Videotron reported 4.92 million revenue generating units (RGUs) at 31 December 2012, including 1.86 million cable TV customers, 1.39 million broadband lines in service and 1.26 million cable telephony users; mobile customers reached 402,600 by the end of the year. In the fourth quarter the company added 2,100 cable TV connections, 18,100 internet subscribers, 15,200 fixed telephony customers and 24,300 mobile subscribers.

Thanks to TeleGeography for this Article

Telus expands LTE to Saint John

Telus has expanded its commercial 4G LTE mobile broadband network to Saint John, following other recent LTE launches in the Atlantic Canada region, including St. John’s, Moncton, Charlottetown and Halifax. Telus says its LTE service now covers nearly 70% of the Canadian population.

Thanks to TeleGeography for this Article

Do Your Contingency Plans Work?

Think about it – If a key system component or an entire site fails, your contingency plans have to work. Period!

You can be sure they do work. And don’t you owe it to yourself to be confident?

If your Disaster Recovery plan fails, your entire solution may completely malfunction, drop all current calls, shut down incoming calls & transactions across all your touchpoints, and paralyze customer contact altogether. Think of the impact on you & your company – upset customers, lost revenue, ulcers, and your career up in smoke.

So Try out Your Contingency Plans – here’s how you do it!

The simplest and most effective way to ensure your contingency plan works is to test it under real load while simulating infrastructure failures or a disaster within your system. IQ Services’ Business Continuity and Disaster Recovery Testing process provides real traffic to rigorously exercise your system so you know what happens at every step of the contingency plan.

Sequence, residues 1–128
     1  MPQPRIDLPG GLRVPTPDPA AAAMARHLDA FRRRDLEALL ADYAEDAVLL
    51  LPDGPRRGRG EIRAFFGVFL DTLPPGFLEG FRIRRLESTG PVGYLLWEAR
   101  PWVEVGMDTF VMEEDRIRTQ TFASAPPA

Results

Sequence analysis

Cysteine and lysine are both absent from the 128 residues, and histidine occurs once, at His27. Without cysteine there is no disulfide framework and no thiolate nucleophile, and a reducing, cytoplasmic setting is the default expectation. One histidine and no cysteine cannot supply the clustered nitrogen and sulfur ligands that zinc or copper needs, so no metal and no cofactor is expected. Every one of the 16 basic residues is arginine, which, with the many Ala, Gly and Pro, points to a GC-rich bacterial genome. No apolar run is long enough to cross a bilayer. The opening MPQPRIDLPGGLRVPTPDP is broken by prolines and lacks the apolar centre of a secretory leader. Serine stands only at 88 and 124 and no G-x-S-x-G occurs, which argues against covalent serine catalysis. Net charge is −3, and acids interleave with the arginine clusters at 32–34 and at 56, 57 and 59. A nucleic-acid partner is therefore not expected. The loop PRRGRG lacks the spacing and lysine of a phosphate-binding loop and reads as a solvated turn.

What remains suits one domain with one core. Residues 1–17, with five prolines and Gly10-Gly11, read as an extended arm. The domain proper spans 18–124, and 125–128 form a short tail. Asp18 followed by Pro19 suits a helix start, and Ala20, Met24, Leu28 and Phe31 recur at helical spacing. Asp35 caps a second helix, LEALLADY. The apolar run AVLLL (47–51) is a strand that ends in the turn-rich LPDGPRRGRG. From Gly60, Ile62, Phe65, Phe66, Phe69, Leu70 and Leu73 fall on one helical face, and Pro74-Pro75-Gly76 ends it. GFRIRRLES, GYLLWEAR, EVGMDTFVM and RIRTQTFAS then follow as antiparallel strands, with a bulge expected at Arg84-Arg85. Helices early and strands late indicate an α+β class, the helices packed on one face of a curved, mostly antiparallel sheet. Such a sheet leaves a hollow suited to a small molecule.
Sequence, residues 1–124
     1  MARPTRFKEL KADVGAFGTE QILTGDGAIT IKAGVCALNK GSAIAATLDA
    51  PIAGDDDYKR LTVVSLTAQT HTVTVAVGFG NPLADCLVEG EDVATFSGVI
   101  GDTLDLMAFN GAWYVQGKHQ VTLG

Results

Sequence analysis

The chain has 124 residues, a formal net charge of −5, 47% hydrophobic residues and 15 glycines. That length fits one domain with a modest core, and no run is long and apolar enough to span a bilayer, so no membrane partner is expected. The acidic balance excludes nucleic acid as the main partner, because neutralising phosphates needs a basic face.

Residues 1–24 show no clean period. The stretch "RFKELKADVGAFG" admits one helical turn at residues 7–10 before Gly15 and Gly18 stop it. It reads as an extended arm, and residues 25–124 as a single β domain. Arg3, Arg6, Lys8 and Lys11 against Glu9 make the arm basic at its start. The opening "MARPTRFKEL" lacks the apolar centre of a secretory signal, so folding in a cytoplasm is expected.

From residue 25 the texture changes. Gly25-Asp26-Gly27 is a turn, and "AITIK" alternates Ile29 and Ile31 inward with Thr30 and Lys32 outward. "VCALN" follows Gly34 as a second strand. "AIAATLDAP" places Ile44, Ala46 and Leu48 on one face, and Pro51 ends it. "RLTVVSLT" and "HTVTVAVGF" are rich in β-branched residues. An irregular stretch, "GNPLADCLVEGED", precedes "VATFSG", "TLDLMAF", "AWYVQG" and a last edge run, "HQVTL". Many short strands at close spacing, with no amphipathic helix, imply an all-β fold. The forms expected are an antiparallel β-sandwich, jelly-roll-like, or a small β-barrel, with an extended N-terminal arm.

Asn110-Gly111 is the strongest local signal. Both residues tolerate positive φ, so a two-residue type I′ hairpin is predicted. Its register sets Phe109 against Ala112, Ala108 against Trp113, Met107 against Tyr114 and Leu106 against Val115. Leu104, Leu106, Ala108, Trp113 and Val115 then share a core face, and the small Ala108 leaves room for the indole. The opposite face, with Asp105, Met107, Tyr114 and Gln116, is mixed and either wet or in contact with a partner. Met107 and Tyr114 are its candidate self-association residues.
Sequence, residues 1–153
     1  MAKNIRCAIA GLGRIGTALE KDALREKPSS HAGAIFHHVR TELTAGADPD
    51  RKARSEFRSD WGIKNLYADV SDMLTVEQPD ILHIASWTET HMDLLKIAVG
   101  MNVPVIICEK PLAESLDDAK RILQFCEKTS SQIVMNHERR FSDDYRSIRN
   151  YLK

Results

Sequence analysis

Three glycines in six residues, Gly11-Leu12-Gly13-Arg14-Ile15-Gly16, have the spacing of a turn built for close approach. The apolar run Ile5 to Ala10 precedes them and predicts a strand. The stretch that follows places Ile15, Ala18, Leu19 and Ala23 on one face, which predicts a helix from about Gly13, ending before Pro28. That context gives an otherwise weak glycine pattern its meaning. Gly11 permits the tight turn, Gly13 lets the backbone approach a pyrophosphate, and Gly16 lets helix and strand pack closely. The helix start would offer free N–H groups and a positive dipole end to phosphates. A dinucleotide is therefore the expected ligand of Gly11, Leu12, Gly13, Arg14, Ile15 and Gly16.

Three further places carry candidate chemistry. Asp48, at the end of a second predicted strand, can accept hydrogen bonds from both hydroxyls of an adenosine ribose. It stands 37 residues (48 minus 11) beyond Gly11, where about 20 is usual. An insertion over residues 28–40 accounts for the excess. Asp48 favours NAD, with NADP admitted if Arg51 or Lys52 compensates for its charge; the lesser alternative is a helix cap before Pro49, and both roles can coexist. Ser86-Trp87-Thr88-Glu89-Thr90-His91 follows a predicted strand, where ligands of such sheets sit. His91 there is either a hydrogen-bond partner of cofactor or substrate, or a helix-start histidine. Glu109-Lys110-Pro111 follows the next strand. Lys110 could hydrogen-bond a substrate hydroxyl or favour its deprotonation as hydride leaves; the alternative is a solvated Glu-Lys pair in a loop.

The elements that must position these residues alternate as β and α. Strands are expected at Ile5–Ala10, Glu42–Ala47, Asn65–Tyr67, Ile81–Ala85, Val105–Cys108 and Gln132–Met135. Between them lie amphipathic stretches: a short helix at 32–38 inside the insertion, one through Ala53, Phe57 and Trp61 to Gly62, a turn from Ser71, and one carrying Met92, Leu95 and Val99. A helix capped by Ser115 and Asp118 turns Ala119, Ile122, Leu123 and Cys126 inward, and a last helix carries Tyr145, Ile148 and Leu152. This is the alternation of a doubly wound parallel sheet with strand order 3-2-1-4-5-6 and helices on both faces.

We can provide real traffic to your systems via voice, Web, fax or e-mail. Traffic volume can be as great or small as you require. Once your systems are loaded with real traffic, you disable system elements or even entire sites in any fashion you choose, exercise your contingency plans and validate your recovery procedures. IQ Services has a patented testing technology and is used to determine the outcome of every call and browser session.

Exercising your systems under adverse conditions is easy and accurate. With Business Continuity and Disaster Recovery Testing, you have control over the volume of traffic, the pace of the test and the elements of your system that are functioning or temporarily disabled. You end up with a clear and comprehensive look at how your system will react under conditions simulated during the test. You learn exactly what your customers will experience in the event of a disaster.

So Just prove that your contingency plans to work.

IQ Services’ Business Continuity and Disaster Recovery Testing gives you confidence your contingency plans & procedures are solid, which in turn protects your customer relationships, service levels and your career.

Adopted by Mike Burke from IQ Services